No Worries Delivery & Site Preparation
We can deliver and setup buildings as large as 16’ wide and 48’ long.
Don’t worry about setting up your new building in your yard if you have landscaping, a sprinkler system or manicured lawn. Our mobile transport unit (aka “The Mule”) easily moves your new building across your yard without damaging your lawn or equipment!
Our Secretary is here to assist you with any questions about the buildings or to fill out paperwork for an order or give you a free quote on your building.
Our method is to deliver the cabins directly off our trailer onto the piers, footings, gravel or concrete pad. For this option to work, the piers must be less than 24″ above grade to allow our trailer to back in between them and offload. The ground between the piers must be dry, level, and compacted (no fresh fill). There must also be a minimum opening of 10′ between the piers. The trailer will back in between the piers, tilt up and set the rear edge of the cabin on the rear piers. The truck and trailer will then carefully drive out from under the cabin, setting it gently down on top of the piers. We require 60′ clearance straight out from the end of the site so that our delivery rig can pull out from under the cabin. The center piers will need to be flush with the ground and we will use concrete blocks to level and support the center of your building. We will let you know how many blocks to have onsite for this.
Delivery & Site Preparation
We can transport buildings as large as 16’ wide and 48’ long.
Site leveling and preparation is the purchaser’s responsibility and Hilltop Structures cannot be responsible for any adverse effects an unlevel pad may have on your new structure.
Sites must ready BEFORE the driver arrives with your structure. Our drivers will do their best to satisfy you with positioning your structure. Thank you for your kind consideration in this area.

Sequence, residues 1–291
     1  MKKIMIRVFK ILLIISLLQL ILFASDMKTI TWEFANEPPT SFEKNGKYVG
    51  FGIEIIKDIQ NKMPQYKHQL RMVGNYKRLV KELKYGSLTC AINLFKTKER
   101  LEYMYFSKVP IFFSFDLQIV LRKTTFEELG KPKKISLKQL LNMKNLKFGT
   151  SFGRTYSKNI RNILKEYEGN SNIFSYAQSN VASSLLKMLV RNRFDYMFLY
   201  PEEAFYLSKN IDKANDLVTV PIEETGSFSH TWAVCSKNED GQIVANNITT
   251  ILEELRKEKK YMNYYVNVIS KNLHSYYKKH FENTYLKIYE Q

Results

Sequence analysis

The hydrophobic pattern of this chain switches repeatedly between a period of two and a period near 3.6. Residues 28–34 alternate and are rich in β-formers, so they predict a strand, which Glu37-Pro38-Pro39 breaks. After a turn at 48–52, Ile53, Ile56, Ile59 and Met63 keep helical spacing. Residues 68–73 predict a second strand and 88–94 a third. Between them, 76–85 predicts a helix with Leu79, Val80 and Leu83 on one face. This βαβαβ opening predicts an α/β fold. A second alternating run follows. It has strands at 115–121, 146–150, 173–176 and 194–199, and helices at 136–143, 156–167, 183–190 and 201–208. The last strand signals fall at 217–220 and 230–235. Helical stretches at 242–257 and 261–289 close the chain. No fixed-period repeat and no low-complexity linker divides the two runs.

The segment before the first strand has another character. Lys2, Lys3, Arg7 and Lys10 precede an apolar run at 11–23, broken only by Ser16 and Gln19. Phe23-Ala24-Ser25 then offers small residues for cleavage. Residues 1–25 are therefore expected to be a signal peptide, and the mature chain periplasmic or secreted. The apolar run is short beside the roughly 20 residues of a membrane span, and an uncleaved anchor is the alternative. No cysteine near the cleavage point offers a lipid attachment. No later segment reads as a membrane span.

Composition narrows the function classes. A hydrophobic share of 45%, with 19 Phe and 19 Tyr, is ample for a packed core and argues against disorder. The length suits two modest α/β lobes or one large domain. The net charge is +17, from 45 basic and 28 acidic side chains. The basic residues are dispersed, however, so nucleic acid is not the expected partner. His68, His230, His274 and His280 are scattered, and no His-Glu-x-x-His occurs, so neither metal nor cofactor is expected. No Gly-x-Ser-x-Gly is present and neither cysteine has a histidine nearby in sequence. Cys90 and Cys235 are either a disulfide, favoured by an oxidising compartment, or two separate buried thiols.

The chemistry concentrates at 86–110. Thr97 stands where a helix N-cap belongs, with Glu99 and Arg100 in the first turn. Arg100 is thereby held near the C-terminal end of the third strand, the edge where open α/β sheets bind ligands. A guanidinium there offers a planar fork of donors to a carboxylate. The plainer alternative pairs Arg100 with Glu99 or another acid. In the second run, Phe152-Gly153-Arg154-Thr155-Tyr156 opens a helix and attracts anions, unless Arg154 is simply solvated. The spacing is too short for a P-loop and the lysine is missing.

When preparing your site know that we must back our trailer out over your site. It is best if the rear tires of the trailer can be with 6′ of where you would like the back of the shed to be placed. We then tilt our trailer and pull away from the structure, dropping it at the exact location you specify.
If your site is not accessible for backing into the site, we have a Mule (See our website for demonstration of this little machine.) which can move the buildings into tight corners where our truck and trailer are unable to maneuver into. We do however need trees / limbs trimmed back 24” further then the width of the building you ordered. (for example if you order a 16’ wide building please have an accessible driveway 18’ wide and we need 14’ vertical clearance as well for most buildings. If you have sharp corners we need the inside corner trimmed back an extra 24” to make the corner.
The best and easiest way to level and prepare a site for a shed is to have a base of #2 crushed stone 3 to 5 inches thick leveled and tamped. It is best to make this pad about 1′ larger on all sides than the shed itself. This allows for good drainage underneath the shed and packs together well for a good, hard, long lasting pad. Other size stones may work as well, however, if the stones are too large they do not pack together well. Round stones or washed stones are not recommended because they do not provide a firm pad for our delivery equipment. Other leveling options include gravel or concrete.
For larger buildings we highly recommend concrete footings before placing blocks under the skids. Just using dirt for a base for the blocks is NOT recommended, especially on larger sheds. Blocks tend to settle unevenly and you will have problems with your doors & windows not working properly unless you relevel and shim up the building periodically. We have drawings to show you exactly how to build the footings if you request them. We suggest digging a trench 12 – 16” deep, 18” wide and make them the same length as the width of the building. For example if you buy a 14’ wide shed your footings should be 14’ long. 12 – 16” deep, 18” wide & 14’ long. We will then block up your building to make it level or if you have the blocks there will block it up for you to make accessible to get underneath the building. (24” max lift)
Horse Barns and Combo / Utility barns may be set on almost any level surface. The best site is 3 to 5 inches of Stone Dust (a very fine, crushed stone). Leveled and compacted stone dust makes an excellent pad with good drainage. Chert or clay may also be a alternative for a pad and although we will set them on any relatively level site we aren’t responsible for any issues such as twisting or racking of the barn. We will make sure the doors latch properly but don’t level up barns with blocks.